Lessons in Learning: Let Your Gifts Sing

by Abby @ Quaver on March 19, 2013

in Around the Web,Music Matters

Welcome back Quaver guest blogger Jeannine Everett – violinist, chamber musician, and all around student of music!

Take it away Jeannine:

giftsing

I can be a bit of a cynic. It’s easy to get caught up in negativity. We’re surrounded by it—our media, our politics—even our entertainment. Nothing sends my cynicism soaring more than reality television.

But you know what melts my icy blue heart? Britain’s Got Talent.

Not the American version. I’m not a fan of the American version. Our culture is too celebrity obsessed. It has to be the British version. Let me tell you why (and it’s not just because Quaver is British, too!).

Every so often someone takes the stage who looks like they’ve had a “Kick Me” sign tacked on their back for as long as they can remember. You can see it in their eyes, their walk, how they hold themselves. All their life, someone has told them that they are stupid, or fat, or funny looking, or have a hobby that isn’t cool. The audience screams “loser” without even having to say it.

But these people have a secret. They have some amazing, undeniable talent—

They have the kind of talent where the heavens or grace or fate has reached out and said, “You. I’m giving you this gift. Please use it.”

I especially like when Simon Cowell gets blown off his chair after saying something particularly cutting. These amazing people have been told “You stink” thousands of times. But at least someone (and hopefully themselves) has said, “You are amazing,” and they choose to believe that instead.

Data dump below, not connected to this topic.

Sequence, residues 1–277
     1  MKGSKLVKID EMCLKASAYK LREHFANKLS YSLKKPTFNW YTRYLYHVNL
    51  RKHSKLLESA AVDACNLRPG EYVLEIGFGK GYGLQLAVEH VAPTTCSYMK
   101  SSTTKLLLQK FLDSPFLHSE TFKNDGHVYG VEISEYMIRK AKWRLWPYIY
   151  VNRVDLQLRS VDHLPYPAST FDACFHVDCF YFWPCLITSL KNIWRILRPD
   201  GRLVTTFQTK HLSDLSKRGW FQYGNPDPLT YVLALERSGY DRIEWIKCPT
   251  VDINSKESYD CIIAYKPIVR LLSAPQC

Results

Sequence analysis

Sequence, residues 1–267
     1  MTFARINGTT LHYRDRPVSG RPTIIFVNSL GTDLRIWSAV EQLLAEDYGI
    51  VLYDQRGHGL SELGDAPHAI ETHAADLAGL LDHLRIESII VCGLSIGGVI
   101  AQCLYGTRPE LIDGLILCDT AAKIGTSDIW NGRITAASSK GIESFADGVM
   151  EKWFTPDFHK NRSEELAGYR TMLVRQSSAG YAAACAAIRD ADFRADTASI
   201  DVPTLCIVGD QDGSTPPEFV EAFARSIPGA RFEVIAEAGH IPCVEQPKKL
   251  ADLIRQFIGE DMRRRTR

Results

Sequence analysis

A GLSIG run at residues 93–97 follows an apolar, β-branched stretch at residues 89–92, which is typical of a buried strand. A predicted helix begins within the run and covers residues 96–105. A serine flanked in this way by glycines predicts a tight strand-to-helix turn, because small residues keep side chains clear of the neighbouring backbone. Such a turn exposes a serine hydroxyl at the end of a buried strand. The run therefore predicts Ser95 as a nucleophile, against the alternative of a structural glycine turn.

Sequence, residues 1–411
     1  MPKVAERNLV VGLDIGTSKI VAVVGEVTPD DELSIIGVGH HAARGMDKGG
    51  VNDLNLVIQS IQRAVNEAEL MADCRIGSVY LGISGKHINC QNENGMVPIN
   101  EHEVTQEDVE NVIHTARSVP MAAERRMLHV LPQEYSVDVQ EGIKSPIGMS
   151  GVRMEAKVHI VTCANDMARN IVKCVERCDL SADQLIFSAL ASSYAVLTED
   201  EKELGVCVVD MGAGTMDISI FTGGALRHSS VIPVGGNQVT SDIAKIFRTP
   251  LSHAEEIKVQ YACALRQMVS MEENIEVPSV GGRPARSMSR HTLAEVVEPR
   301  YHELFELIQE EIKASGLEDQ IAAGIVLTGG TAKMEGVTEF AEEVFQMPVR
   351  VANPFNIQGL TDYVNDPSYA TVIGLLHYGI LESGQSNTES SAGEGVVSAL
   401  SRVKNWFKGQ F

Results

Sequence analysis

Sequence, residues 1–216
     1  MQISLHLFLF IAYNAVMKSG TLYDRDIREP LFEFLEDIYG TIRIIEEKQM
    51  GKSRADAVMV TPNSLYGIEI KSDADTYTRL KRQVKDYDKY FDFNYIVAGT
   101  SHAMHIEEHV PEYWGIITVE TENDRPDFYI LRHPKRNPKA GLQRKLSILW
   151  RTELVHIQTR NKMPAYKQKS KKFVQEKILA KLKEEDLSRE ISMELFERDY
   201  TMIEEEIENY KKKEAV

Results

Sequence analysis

They stand up on stage, knowing this is the moment to let their secret go, and when they do, the angels weep, and so do I, and my icy blue heart becomes nothing more than a puddle of tepid water.

Maybe it’s the music that does me in, but I think it’s because in some small way, I know how they feel.

I think we all have secrets–a piece of ourselves that we protect, afraid it’s too fragile to stand up to a hard world.

Unfortunately, I think we learn it when we are very young.

As parents, educators and musicians, we have a unique opportunity to see these gifts when they are nothing more than a tiny glimmer. Sometimes it comes from places we least expect, or where it’s least appreciated or nurtured by the world outside our doorway.

The world may not appreciate their gift, but we can, and we get to be their amplifier.

All we have to do is create a safe space and tell them to let it out. It sounds so easy to say, but can be so hard to do in a cynical world. Let them know that when they are ready to let their gifts sing, I, like so many others, are ready to listen. We’ll make sure to have the tissues handy.

How do you encourage the gifts you see in your students?

Have you seen them step up and into their talents in your classroom?

{ 1 comment… read it below or add one }

1 Marcus Johnson March 19, 2013 at 1:07 pm

Wow…this is what I fight for within my music room. Students need to realize how valuable they are; today’s society seems to want to do the opposite by demoralizing and dehumanizing them. I’m not going to stand for it!

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